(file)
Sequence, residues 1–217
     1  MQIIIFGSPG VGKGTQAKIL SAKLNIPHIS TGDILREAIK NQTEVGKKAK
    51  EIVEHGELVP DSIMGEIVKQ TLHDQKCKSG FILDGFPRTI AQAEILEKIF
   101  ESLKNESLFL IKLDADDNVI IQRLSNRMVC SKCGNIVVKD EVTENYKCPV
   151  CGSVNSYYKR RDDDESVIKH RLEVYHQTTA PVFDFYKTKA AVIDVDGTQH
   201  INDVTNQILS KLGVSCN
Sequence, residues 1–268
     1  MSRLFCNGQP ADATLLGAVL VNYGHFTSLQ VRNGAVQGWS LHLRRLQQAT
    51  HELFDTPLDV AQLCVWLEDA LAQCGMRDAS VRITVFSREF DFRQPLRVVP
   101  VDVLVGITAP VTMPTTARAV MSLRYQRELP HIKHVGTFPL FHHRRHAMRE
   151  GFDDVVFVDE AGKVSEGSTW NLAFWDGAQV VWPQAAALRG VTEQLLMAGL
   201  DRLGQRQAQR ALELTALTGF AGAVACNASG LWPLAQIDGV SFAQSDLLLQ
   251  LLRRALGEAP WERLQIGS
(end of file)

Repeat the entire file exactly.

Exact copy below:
Sequence, residues 1–217
     1  MQIIIFGSPG VGKGTQAKIL SAKLNIPHIS TGDILREAIK NQTEVGKKAK
    51  EIVEHGELVP DSIMGEIVKQ TLHDQKCKSG FILDGFPRTI AQAEILEKIF
   101  ESLKNESLFL IKLDADDNVI IQRLSNRMVC SKCGNIVVKD EVTENYKCPV
   151  CGSVNSYYKR RDDDESVIKH RLEVYHQTTA PVFDFYKTKA AVIDVDGTQH
   201  INDVTNQILS KLGVSCN
Sequence, residues 1–268
     1  MSRLFCNGQP ADATLLGAVL VNYGHFTSLQ VRNGAVQGWS LHLRRLQQAT
    51  HELFDTPLDV AQLCVWLEDA LAQCGMRDAS VRITVFSREF DFRQPLRVVP
   101  VDVLVGITAP VTMPTTARAV MSLRYQRELP HIKHVGTFPL FHHRRHAMRE
   151  GFDDVVFVDE AGKVSEGSTW NLAFWDGAQV VWPQAAALRG VTEQLLMAGL
   201  DRLGQRQAQR ALELTALTGF AGAVACNASG LWPLAQIDGV SFAQSDLLLQ
   251  LLRRALGEAP WERLQIGS